The Savannah Philharmonic’s latest installment of Phil the Squares with Music attracted a really nice crowd to Chippewa Square last Saturday.


It was a crowd, but not crowded.


The 100-plus attendees wore masks and spread themselves out across the western half of the square to hear the quartet performing on the porch of The Parker Companies on the southwest trust lot. Passing cars and tour buses were not nearly as disruptive as I expected.


The concert was live-streamed on the nonprofit’s Facebook page, with written commentary from Music & Artistic Director Keitaro Harada.


On the way home after the Philharmonic performance on Saturday, friends and I wandered through Forsyth Park, which was buzzing with activity in every corner. Many folks were simply relaxing as the unseasonably warm afternoon entered its final hour, while others were walking, jogging or playing sports.


Savannahians typically start holding events indoors at this time of year, but even in the best-case scenario the pandemic is going to be around for many more weeks.


It is clear that we could be doing more at a civic level to encourage safe outdoor gatherings.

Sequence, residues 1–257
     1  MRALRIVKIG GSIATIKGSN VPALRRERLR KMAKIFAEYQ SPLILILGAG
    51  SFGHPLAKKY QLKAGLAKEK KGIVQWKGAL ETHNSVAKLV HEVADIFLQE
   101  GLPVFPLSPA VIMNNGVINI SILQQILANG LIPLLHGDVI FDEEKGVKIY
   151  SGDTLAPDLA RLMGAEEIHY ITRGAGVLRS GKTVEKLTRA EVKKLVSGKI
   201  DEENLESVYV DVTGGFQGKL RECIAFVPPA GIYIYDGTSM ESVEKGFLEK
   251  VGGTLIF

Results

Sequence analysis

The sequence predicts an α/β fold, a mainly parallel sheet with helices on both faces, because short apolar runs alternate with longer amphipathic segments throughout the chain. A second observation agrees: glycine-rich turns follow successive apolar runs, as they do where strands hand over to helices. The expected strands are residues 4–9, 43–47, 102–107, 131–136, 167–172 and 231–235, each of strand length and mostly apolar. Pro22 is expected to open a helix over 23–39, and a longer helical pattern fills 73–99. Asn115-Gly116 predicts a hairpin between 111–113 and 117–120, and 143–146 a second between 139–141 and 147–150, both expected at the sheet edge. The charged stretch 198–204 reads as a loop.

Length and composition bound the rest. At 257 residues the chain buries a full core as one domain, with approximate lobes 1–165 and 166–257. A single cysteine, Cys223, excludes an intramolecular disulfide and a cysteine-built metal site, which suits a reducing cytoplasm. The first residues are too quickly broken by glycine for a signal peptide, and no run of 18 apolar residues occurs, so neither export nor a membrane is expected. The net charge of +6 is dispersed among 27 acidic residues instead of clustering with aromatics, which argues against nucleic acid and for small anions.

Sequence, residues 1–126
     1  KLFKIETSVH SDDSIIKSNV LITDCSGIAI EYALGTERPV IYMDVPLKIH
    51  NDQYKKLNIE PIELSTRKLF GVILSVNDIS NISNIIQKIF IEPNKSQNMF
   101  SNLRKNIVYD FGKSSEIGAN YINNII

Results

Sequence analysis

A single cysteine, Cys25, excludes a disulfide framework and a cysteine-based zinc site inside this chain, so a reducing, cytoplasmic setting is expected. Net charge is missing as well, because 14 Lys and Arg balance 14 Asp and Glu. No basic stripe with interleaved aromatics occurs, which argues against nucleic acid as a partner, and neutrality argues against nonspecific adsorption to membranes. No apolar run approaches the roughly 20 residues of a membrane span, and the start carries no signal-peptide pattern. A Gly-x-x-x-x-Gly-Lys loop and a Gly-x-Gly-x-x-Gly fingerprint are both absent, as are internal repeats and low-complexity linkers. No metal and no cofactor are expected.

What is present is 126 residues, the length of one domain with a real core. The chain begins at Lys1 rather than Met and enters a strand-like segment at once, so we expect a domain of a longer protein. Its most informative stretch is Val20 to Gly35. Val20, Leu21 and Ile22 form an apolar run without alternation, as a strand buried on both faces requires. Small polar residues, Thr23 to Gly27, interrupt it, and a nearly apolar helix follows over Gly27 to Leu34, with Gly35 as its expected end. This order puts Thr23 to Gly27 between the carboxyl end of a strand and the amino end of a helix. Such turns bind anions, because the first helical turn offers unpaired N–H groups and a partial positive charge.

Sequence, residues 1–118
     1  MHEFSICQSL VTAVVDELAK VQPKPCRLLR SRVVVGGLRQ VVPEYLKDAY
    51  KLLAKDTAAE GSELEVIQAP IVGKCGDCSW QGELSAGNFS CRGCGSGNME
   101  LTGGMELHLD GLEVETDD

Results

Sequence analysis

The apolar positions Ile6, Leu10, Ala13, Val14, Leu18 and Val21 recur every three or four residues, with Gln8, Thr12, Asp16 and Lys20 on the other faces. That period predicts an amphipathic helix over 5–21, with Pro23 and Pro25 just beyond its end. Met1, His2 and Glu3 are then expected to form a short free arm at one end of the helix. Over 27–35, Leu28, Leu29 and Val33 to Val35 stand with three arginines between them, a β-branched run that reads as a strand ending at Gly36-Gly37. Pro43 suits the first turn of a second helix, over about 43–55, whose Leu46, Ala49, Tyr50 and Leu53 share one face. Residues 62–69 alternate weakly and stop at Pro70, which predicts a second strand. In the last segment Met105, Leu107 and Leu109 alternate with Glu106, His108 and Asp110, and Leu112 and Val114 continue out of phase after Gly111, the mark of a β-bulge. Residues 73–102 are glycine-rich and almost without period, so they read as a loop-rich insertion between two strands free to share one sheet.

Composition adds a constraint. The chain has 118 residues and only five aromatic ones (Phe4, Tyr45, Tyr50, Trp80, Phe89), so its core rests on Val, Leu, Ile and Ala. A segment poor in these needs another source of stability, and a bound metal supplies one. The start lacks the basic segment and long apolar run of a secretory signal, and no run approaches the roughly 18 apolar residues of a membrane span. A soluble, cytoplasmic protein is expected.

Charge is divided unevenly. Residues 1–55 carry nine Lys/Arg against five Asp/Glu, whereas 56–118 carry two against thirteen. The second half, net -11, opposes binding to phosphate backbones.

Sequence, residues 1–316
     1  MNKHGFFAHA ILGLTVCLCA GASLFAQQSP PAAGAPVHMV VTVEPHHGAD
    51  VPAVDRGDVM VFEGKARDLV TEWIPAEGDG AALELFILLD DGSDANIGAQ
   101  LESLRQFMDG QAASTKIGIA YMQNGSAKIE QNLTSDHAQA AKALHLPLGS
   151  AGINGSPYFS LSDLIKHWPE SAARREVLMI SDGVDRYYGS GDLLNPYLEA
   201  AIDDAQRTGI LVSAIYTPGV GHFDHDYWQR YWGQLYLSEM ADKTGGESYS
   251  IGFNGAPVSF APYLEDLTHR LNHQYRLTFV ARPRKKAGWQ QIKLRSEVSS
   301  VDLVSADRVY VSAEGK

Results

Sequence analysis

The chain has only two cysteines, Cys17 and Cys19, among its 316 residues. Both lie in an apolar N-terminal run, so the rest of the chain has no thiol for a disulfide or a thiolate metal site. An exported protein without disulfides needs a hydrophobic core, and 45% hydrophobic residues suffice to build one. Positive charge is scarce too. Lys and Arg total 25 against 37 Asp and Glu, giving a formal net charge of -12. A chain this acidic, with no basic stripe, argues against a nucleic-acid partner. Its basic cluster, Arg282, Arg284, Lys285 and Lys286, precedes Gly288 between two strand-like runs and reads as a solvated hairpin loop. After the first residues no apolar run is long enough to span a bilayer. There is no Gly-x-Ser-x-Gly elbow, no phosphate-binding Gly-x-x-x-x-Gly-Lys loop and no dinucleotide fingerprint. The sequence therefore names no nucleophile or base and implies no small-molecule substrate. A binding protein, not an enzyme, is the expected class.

Yes, we are bound to get some cooler weather eventually, but we should still be looking at offerings like Phil the Squares with Music and Savannah State University’s recent outdoor production of "Oba Oedipus" as templates for the next several months.


The City of Savannah is not currently issuing event permits, but we have some gracious public spaces that can accommodate well-planned outdoor gatherings. City officials need to create more opportunities for outdoor events just like they did months ago for restaurants.


The Savannah College of Art and Design’s Gryphon Tea Room and the adjacent café Art’s recently reopened with a lovely outdoor area on Bull Street.


They join a number of other restaurants that have taken advantage of the city’s relaxation of restrictions on the use of sidewalks, tree lawns and on-street parking spaces.


The loss of a few parking spots here and there seems a small price to pay for the more vibrant street activity and the support for the hard-hit restaurant sector.


We need to bring a similar flexibility to the programming of various cultural events.


After so many months of quarantines and precautions, folks are going to get together one way or another, especially as we enter the holiday season. so we need to create the safest chances we can.


Bill Dawers writes the City Talk column for the Savannah Morning News. He can be reached via citytalksavannah@gmail.com and @billdawers on Twitter.